|The late Gary Lafontaine is a
great writer, tyer, and fisherman who brought a bit of science to the
study of macroinvertebrates and the fish that eat them. We have a lot of
caddis here in the northeast, and Caddisflies has explained a lot of their
behavior. His classic Sparkle Caddis Pupa and Emergers came from this
While many of us consider ourselves compulsive fishermen, fly tyers, and possibly entomologists, we really pale in comparison to someone like Gary Lafontaine. Here's a guy who was so interested in the life cycle of the caddis that he spent 10 years on researching caddisflies and their adaptations - 211 hours of it underwater, wearing scuba gear and watching feeding trout and hatching bugs. He spent time observing the 4-stage emergence period:
Nothing profound, but how many people do you know who study caddis cases drifting along the bottom for 100 yards? All of this research culminated in the Sparkle Caddis Pupa, and Sparkle Caddis Emerger. These are a couple of patterns that look very little like a pupa or an emerger, but instead have a shell of trilobal Antron to catch bubble and reflect light - a feature that Lafontaine figures will key in the trout. (I like this book for a lot of reasons, not the least of which is that I catch a lot of fish with these two patterns. I tie them in yellow, with an orange ostrich head for the Deerfield, and olive for the Sugar. I suspect the yellow is a bit of a Sulphur imitation rather than a caddis, but hey, it works for me.)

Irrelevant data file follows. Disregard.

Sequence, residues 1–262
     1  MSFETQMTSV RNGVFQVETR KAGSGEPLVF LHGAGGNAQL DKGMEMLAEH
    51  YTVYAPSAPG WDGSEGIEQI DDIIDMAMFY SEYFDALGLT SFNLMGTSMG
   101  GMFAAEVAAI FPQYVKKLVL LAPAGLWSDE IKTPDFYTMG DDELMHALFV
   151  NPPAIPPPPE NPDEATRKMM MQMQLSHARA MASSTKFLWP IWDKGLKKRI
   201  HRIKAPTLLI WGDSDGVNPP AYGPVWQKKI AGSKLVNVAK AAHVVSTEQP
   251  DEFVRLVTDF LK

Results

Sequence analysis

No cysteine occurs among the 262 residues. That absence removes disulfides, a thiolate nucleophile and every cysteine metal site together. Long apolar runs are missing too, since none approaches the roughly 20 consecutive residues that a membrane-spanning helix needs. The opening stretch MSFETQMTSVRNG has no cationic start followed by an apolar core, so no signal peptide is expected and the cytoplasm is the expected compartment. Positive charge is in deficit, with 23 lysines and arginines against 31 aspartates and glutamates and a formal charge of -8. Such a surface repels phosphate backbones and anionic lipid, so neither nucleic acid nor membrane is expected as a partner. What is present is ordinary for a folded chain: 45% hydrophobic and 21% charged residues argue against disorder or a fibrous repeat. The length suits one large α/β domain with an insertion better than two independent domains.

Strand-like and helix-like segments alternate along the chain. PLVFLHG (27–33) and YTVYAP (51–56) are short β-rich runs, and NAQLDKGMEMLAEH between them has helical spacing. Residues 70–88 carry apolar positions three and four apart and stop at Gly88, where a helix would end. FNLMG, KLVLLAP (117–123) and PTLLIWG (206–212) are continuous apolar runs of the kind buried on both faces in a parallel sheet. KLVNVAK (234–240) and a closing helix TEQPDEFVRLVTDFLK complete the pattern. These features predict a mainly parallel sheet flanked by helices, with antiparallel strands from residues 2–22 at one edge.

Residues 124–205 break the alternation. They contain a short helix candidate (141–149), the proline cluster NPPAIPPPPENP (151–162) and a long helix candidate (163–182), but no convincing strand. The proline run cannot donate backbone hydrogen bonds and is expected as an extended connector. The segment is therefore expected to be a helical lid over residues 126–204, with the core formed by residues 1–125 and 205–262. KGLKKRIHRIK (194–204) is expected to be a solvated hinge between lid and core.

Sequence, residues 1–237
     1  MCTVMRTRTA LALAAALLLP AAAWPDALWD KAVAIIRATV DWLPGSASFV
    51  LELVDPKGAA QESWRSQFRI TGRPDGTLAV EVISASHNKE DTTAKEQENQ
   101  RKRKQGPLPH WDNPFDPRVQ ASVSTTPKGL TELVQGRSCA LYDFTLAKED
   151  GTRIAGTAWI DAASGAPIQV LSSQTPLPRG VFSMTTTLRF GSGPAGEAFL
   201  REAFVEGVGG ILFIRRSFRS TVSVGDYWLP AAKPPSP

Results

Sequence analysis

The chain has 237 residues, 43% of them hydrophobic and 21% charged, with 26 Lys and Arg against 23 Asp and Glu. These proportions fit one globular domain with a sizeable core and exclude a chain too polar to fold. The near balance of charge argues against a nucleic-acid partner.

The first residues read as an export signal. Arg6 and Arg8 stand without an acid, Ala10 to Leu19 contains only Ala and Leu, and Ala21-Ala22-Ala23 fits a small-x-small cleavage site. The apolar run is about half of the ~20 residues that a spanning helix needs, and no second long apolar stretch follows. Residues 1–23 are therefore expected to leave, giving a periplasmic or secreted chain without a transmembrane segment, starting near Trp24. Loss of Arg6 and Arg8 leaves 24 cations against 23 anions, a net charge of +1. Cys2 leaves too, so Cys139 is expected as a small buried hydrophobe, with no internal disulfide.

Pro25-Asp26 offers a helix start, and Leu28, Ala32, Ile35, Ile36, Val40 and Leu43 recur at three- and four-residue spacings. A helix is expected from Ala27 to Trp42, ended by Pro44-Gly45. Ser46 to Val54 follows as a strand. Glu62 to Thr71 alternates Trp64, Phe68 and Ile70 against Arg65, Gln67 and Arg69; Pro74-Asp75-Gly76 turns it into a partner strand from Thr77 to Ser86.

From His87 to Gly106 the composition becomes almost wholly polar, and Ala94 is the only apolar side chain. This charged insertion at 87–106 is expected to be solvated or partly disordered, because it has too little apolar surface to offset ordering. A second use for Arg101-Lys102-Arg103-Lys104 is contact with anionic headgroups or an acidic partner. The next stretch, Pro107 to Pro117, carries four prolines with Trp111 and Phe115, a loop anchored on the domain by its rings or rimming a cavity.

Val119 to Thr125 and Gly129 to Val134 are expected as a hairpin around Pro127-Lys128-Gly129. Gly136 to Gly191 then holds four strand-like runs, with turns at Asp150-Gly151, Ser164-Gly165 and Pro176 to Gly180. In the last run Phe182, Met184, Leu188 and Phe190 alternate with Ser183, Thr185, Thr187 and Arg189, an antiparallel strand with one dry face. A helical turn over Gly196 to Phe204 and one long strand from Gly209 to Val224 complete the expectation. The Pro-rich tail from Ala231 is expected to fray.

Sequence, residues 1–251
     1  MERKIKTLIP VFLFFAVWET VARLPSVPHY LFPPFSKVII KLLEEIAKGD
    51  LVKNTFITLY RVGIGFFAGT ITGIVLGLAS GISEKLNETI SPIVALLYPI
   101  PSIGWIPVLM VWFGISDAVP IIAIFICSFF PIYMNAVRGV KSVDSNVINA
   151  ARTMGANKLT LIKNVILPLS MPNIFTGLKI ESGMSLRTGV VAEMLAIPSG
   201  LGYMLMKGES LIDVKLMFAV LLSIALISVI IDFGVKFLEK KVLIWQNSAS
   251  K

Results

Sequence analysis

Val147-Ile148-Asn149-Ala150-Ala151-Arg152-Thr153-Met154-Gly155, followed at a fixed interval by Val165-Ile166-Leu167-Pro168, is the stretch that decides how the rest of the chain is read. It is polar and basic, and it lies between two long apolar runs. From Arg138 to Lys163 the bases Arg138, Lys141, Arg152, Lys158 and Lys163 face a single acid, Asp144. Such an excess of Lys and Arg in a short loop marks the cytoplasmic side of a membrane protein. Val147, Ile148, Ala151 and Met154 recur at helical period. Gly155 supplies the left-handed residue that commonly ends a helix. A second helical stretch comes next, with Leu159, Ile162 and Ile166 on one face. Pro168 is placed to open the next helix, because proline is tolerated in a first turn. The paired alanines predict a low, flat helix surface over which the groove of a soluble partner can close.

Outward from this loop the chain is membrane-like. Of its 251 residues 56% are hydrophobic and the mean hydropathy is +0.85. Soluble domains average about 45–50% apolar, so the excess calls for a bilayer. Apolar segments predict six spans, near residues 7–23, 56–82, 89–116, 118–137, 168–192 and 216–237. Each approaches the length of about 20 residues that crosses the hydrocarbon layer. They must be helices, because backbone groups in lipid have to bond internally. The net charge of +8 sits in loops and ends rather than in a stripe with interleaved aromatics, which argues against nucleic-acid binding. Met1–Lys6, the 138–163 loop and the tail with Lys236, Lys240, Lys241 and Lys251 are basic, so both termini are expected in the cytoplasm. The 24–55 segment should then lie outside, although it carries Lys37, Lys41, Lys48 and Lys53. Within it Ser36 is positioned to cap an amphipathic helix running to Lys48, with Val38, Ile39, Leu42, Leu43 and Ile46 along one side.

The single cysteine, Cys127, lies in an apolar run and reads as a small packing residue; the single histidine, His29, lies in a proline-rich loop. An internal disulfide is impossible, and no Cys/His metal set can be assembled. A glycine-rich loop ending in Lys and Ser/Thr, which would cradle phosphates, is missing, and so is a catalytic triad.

The book is rounded out with some pages of color photos - both of the flies and the naturals - as well as hatch charts, some identification information, tying instructions, and fishing information. The species identification might be a tad on the academic part for some readers, but it's nothing you have to wade through. The book contains a lot of very nice pen & ink drawings of the various species, with their cases.
While it might be enough to know that "bright green caddis pupa" work well on the Contoocook, and "dark olive caddis pupa" seem to work well on the Sugar in Newport, you can't go wrong by learning just a bit more about this species that's so fundamental to the Monadnock Region.